American Airlines canceled hundreds of flights Monday morning following a slew of disruptions over the weekend.
By 9:30 a.m. ET, about 338 flights, or 6% of the carrier's flight schedule, had been canceled, American Airlines said.
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Meanwhile, tracking service FlightAware estimated that roughly 300 flights are canceled and another 187 flights have been delayed as of 9:30 a.m. ET.
The Fort Worth, Texas-based carrier told FOX Business in a statement that it continues "to see improvement in its flight schedule Monday" and expects "considerable improvement" beginning Tuesday, although it is still experiencing "some residual operational recovery" from the weekend.
Still, Monday marks the fourth straight day of travel woes for American, which has been grappling with staffing shortages and bad weather.
From Friday through Sunday, the carrier canceled nearly 2,000 flights but expected things to lighten up by Monday, according to data from American Airlines.
The airline's troubles began Thursday and Friday, when, at times, high winds shut down its busiest hub, Dallas/Fort Worth International Airport, and prevented the airline from using all runways there.
That made it difficult for American to get crews in position for upcoming flights and caused disruptions. The number of canceled and delayed flights grew larger in number and geographic sweep throughout the weekend.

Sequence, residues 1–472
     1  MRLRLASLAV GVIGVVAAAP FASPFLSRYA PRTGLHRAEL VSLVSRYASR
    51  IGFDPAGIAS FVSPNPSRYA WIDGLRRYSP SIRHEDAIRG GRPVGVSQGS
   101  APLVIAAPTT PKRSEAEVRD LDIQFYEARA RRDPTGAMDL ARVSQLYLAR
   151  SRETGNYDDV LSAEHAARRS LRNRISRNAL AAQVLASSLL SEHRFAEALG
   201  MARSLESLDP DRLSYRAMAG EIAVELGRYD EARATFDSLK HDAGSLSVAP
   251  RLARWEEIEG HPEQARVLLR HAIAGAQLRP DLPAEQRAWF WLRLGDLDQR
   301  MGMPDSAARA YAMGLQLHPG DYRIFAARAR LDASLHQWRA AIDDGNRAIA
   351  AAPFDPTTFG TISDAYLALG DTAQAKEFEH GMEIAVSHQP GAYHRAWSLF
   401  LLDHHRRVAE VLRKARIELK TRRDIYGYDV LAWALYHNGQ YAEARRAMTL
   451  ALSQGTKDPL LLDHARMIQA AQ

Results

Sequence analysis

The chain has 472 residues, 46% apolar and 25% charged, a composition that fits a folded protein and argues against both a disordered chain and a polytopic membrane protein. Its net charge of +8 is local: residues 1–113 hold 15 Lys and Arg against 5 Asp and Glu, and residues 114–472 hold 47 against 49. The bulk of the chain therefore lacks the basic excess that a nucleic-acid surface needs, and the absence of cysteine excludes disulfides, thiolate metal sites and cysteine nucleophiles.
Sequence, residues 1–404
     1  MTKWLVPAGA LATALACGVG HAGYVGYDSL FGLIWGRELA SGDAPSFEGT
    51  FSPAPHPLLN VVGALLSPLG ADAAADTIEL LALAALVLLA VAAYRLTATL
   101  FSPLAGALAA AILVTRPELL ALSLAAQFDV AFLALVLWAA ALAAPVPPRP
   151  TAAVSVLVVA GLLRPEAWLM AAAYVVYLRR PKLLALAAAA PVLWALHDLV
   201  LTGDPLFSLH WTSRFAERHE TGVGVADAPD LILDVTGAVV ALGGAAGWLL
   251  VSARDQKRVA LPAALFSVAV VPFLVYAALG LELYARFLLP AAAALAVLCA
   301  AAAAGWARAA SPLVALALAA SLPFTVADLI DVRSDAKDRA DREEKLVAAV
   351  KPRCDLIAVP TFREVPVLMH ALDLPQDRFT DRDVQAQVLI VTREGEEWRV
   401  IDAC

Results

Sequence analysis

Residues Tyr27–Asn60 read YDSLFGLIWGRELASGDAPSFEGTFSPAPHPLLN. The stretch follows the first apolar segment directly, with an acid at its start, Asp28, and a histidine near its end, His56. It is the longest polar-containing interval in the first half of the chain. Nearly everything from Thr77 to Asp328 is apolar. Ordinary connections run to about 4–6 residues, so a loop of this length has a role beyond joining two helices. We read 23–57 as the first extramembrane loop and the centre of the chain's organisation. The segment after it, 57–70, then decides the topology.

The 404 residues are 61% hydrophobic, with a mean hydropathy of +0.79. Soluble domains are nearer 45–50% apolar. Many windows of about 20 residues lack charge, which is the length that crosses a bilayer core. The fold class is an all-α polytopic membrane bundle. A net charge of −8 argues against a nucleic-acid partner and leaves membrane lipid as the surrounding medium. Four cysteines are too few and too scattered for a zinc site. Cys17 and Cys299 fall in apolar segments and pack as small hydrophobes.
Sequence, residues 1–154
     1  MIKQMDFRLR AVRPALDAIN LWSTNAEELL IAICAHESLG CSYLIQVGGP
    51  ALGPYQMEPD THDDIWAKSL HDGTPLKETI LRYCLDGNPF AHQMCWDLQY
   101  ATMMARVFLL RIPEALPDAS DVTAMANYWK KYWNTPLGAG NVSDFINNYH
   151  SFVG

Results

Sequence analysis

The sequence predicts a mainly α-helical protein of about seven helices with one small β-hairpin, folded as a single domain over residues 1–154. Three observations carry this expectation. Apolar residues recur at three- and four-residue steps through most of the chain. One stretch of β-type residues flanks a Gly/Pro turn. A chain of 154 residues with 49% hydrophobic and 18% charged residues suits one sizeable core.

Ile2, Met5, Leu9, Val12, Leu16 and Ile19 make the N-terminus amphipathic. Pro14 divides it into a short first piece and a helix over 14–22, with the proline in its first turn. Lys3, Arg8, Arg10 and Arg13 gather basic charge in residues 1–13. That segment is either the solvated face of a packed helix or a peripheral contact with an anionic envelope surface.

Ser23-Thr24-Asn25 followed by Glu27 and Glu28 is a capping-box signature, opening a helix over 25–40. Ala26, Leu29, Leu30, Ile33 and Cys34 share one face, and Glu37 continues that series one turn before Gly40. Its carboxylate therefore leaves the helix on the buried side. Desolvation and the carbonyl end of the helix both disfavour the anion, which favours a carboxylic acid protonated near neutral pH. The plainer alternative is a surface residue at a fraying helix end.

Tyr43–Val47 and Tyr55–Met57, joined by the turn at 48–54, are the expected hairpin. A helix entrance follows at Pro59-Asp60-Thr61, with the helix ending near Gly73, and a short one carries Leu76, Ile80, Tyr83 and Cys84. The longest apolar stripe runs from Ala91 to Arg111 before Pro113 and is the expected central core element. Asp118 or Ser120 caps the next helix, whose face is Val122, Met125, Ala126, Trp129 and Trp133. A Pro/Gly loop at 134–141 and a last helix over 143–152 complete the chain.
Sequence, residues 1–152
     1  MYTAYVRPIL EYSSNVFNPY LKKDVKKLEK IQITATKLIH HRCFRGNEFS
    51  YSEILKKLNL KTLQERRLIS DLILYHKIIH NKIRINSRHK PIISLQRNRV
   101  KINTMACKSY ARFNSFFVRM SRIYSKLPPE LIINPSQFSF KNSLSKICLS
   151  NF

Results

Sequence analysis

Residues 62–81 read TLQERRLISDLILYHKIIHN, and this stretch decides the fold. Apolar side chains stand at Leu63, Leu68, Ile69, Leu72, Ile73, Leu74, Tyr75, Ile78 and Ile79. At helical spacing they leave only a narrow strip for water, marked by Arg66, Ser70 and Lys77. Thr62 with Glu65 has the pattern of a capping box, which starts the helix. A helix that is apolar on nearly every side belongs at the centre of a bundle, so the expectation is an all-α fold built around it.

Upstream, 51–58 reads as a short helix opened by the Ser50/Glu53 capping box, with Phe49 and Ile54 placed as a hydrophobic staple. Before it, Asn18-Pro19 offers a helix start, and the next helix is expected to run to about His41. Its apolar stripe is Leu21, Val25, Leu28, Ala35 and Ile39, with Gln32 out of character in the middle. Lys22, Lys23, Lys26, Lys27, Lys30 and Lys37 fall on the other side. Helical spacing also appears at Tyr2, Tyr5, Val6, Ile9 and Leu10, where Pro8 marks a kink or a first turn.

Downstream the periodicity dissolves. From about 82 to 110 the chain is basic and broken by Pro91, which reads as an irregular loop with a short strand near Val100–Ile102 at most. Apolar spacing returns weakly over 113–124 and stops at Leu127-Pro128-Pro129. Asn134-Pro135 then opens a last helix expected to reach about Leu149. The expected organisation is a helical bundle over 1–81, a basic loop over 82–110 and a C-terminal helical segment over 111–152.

About two-thirds of Sunday’s cancellations were due to a lack of flight attendants in the right places, with almost all the remaining cancellations due to a shortage of pilots, according to internal figures seen by The Associated Press.
However, David Seymour, the airline’s chief operating officer, said that nearly 1,800 flight attendants will begin returning to their jobs starting Monday and at least 600 new hires will be on board by the end of the year. He said the airline is also hiring pilots and reservations agents in time for the holidays.
The nature of the debacle — starting with bad weather in part of the country before spinning out of control — was similar to what American's competitor, Southwest, faced in early October.
The Associated Press contributed to this report.